A cannabis researcher at Arizona’s Scottsdale Research Institute plans to sue the Drug Enforcement Administration (DEA) over what she is saying is low-grade cannabis that is unacceptable for testing. According to a report from the CT Post, Dr. Sue Sisley is making the claim that the cannabis being grown at the University of Mississippi is actually closer to hemp than what is consumed on both the legal and black markets.
The federal government has taken control of the cannabis farm at the university and oversees what grows there. Dr. Sisley says that it is next to impossible to conduct proper scientific research and reach a valid conclusion with the government-approved cannabis that is being provided to her and her team at the research institute in Scottsdale.
Dr. Sisley and her research team recently conducted a study on whether cannabis can help those who are suffering from PTSD. Sisley says that the cannabis that came from the farm at Ole Miss contained many stems and seeds and that some of it was moldy. She says that the cannabis wasn’t tested the right way before her and her team received it.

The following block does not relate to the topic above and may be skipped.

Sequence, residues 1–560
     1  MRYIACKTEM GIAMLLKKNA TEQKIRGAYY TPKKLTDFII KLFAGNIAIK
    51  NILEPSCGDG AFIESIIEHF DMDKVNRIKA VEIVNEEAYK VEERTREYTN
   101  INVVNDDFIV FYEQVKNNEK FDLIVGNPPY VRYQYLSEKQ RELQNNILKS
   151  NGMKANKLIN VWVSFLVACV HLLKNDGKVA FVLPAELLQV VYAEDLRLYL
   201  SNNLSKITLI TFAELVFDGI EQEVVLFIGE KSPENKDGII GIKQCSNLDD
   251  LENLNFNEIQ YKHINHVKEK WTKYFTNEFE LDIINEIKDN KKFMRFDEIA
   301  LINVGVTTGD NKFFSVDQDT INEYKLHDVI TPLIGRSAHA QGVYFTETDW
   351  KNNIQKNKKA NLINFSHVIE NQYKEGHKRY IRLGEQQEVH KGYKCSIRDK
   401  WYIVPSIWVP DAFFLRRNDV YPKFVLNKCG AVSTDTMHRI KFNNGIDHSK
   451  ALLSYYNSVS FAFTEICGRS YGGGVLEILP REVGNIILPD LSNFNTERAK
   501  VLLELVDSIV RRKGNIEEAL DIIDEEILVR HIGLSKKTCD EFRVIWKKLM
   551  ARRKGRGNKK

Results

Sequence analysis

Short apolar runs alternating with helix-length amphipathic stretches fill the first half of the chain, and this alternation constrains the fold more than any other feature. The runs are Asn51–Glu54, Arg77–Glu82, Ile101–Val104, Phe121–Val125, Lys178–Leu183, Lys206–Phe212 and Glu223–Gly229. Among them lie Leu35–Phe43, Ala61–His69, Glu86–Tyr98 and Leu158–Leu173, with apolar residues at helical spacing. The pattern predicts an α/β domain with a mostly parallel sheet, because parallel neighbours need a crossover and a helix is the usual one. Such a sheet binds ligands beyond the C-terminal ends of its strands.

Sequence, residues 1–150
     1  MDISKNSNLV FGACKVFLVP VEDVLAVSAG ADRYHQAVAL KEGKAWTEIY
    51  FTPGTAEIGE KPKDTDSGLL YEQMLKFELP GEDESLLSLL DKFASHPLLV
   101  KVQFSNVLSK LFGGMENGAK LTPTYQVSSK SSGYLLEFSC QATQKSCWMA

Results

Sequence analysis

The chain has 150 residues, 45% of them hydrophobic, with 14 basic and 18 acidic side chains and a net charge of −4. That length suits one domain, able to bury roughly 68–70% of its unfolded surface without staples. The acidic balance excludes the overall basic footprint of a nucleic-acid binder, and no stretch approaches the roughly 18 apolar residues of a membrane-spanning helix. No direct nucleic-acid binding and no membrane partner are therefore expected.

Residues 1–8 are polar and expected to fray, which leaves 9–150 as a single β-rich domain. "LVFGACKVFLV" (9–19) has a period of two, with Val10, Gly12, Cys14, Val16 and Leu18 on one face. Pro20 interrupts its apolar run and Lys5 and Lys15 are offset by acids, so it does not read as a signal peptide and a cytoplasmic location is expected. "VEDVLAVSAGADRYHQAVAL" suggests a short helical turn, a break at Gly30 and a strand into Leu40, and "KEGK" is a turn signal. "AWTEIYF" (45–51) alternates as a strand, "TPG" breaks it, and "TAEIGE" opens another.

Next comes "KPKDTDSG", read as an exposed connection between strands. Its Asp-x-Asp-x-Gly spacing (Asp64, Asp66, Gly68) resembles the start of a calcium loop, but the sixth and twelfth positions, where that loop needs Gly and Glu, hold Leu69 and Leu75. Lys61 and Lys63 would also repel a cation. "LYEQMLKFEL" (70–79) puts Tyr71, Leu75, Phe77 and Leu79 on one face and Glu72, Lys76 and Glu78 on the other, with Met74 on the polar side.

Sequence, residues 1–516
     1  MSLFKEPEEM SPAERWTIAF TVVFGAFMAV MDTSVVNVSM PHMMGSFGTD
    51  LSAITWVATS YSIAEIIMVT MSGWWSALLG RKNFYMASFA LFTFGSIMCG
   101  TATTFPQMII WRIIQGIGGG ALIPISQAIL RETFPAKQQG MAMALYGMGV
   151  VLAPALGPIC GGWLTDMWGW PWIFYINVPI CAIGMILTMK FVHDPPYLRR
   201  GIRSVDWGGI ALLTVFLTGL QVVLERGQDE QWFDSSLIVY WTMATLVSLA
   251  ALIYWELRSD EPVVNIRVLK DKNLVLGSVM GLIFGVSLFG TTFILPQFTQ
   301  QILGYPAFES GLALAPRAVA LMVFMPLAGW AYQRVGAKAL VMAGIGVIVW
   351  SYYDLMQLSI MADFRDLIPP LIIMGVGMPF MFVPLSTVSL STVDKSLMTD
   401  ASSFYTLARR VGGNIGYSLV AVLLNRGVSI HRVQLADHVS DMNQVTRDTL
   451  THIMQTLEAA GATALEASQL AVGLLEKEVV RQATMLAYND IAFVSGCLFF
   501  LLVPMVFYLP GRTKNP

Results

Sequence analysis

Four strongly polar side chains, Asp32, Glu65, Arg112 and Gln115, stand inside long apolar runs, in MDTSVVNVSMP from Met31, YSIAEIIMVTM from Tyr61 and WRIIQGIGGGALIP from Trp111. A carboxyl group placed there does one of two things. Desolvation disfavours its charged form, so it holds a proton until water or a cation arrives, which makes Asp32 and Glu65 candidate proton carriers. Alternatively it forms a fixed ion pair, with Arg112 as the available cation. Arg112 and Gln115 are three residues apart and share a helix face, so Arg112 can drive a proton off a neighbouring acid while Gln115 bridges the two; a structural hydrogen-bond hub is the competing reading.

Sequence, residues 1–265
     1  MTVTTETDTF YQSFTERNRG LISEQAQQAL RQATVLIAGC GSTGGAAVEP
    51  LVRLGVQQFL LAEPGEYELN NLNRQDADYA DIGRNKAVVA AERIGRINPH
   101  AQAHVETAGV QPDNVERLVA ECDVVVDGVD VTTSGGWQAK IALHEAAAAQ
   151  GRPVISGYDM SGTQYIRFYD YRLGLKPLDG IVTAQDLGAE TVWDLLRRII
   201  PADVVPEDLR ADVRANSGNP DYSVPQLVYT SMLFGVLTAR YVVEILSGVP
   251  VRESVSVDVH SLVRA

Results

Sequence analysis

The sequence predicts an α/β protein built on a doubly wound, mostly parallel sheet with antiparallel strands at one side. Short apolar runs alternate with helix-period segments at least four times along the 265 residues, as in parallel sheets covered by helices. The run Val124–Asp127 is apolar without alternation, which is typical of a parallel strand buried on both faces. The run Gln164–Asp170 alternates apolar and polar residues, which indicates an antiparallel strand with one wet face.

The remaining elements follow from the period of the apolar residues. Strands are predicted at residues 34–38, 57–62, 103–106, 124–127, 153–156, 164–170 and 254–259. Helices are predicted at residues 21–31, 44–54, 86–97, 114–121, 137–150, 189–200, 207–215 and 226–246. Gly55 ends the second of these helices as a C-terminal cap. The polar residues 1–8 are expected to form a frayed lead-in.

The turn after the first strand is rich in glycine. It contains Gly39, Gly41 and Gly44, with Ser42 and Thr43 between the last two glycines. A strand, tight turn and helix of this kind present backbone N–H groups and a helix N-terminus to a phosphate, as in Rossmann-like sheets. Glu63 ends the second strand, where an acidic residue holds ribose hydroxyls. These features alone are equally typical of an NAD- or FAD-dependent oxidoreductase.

“Scientists need access to options and we are handcuffed by a government-enforced monopoly that has only allowed me to study this really suboptimal study drug from Mississippi,” Dr, Sisley told the Arizona Capitol Times.
Dr. Sisley described the cannabis sent to her as being a “standardized green powder that is just cannabis ground up.” She also included the U.S. Attorney General’s office in the lawsuit, because she believes the DEA isn’t the only group who is “responsible for impeding” the access to quality cannabis that would be acceptable for her and her team to research. The PTSD study hasn’t been published yet, but it is unclear as to whether that’s due to the low-quality cannabis that was provided to her.
Sisley told the Capitol Times that it is her hope that her lawsuit will force federal courts to allow researchers to gain access to cannabis from sources other than the farm at Ole Miss. The federal government granted Ole Miss a license to grow cannabis over 50 years ago. Sisley also said that she applied three years ago with the DEA to become a schedule I bulk manufacturer but hasn’t yet received a response.
Only time will tell if something positive will come out of the lawsuit, and if Dr. Sisley will be granted legal access to the quality of cannabis that is required to conduct much-needed scientific research in the proper manner.